I’d hurt her feelings, and she didn’t want to talk to me. I gave her some time and space, yet a couple weeks later she still wouldn’t talk to me. Our relationship felt irreparably broken.
How can you heal a broken relationship? Should you always seek restoration, or does the Bible tell us that sometimes it’s okay to walk away? And what if the other person refuses to talk to you about it?
These are big questions, but important ones.
Let’s start with a more foundational one: How important are relationships?
God created us for relationship
The Bible puts a lot of emphasis on relationships.
God to man:
Acts 17 tells us, “From one man he made all the nations, that they should inhabit the whole earth; and he marked out their appointed times in history and the boundaries of their lands. God did this so that they would seek him and perhaps reach out for him and find him, though he is not far from any one of us” (verses 26-27).
God wants a relationship with us, but He also wants us to want a relationship with Him.
And man to man:
In Genesis 2, God created Adam and placed him in the garden of Eden. With the perfection of nature around him, God looked at the man and said, “It is not good for the man to be alone. I will make a helper suitable for him” (verse 18).
In His great wisdom, God created us to need each other. That means relationships are important.
But how much effort should we put into broken relationships?
A perspective from nature
On October 8, 2016, a storm by the name of Hurricane Matthew tore through our area. You may have seen pictures of homes underwater in Lumberton, a small town less than thirty miles away from my home. Seven weeks later, we are still dealing with the aftereffects of the flood waters.
A friend and I talked about the clean up and reconstruction efforts, and we realized two spiritual truths we all need to grasp.
Some of the bridges that washed away are being rebuilt.
In Acts 15:37-39, the apostle Paul didn’t want to take Mark with him on his journey because Mark had proven himself unreliable to Paul.
Yet, at some point, these two men worked together to rebuild the trust between them. By the time Paul wrote to Timothy in 2 Timothy 4, Paul wanted Mark “because he is helpful to me in my ministry.”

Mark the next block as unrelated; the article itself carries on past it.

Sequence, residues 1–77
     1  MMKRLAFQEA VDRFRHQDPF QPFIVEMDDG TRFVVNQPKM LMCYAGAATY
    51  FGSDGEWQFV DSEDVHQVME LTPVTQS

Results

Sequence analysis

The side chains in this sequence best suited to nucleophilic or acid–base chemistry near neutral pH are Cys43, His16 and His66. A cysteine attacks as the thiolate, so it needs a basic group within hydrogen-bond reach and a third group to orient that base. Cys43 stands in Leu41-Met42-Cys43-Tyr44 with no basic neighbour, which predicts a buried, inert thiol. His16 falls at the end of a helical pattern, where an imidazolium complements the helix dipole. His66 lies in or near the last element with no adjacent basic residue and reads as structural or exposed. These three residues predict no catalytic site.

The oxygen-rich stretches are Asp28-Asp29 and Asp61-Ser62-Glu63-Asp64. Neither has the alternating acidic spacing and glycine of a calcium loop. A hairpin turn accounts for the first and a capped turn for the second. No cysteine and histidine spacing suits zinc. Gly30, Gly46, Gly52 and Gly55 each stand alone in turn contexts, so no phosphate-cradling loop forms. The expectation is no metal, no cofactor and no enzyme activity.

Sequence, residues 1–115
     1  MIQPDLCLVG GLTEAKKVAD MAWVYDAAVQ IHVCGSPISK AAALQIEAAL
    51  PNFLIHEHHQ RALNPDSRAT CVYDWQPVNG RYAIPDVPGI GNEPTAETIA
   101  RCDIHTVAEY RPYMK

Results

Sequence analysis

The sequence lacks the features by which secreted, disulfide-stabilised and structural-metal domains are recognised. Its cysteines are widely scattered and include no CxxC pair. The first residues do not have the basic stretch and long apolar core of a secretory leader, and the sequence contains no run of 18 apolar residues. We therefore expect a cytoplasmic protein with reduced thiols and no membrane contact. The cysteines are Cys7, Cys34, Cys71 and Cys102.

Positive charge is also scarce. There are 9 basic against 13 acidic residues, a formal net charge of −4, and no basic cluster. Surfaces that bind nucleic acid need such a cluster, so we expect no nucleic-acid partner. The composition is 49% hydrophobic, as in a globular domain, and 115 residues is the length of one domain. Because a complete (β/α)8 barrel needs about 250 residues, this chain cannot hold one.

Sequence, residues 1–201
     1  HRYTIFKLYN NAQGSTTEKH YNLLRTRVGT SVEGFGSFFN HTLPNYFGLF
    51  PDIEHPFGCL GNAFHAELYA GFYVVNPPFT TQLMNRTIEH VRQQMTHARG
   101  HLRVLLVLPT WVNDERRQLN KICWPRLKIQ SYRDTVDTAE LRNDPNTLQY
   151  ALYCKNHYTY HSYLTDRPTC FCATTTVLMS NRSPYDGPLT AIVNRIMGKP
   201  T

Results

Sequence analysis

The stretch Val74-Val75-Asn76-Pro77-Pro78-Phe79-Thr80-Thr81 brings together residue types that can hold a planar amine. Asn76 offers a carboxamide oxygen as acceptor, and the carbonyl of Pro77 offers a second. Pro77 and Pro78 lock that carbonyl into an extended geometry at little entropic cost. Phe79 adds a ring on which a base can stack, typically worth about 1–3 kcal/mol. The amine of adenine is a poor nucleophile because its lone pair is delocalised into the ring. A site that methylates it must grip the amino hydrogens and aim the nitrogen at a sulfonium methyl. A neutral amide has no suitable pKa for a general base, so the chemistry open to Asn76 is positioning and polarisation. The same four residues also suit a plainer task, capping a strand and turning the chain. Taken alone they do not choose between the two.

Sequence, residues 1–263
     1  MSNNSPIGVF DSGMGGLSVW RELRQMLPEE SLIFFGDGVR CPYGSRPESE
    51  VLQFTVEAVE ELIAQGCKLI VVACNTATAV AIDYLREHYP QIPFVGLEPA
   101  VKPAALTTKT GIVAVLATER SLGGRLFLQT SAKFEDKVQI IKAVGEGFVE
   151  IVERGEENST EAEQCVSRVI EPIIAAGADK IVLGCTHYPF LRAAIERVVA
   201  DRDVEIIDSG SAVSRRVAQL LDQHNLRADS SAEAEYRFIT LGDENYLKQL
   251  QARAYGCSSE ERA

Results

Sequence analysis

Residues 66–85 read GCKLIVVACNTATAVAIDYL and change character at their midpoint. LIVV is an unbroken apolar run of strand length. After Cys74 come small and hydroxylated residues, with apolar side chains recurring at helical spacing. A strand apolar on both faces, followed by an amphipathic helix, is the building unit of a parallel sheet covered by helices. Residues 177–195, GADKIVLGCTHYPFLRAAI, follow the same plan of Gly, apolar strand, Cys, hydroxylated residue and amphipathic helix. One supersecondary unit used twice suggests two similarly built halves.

They rebuilt the bridge and restored their relationship.
Some of the bridges are being rebuilt several feet farther downstream.
Restoration cannot occur in some situations, and it’s better—wiser—to do what you can down the road or with someone else entirely.
Think of David and King Saul. While their relationship started out well, it deteriorated over time. Saul became consumed with jealousy, to the point that even Saul’s son Jonathan understood that restoration between them wasn’t possible. (Read more of the story in 1 Samuel 17-20.)
Yet David never left Israel completely. Although he left the state borders for a time, he remained true to God and returned once it was safe. And he pledged his allegiance and protection to the only living member of Saul’s family, Jonathan’s son Mephibosheth (2 Samuel 9).
He built his bridge several feet farther downstream.
What about your broken relationship?
What does God want you to do with the relationship lying in pieces before you? Only you and He can answer that.
But know that the answer doesn’t fully rest on your shoulders. It also depends on the other person’s response.
In my case, I wanted to work on the friendship, rebuild the bridge between us. But she never did. As much as I don’t like that, the problem is between her and God. I’ve done what I felt He asked me to do, and that’s all I can do. That’s all God expects me to do.
But I’ve also allowed God to continue to work on me, to make me a better friend, and to protect future relationships from the harm caused by this bad experience.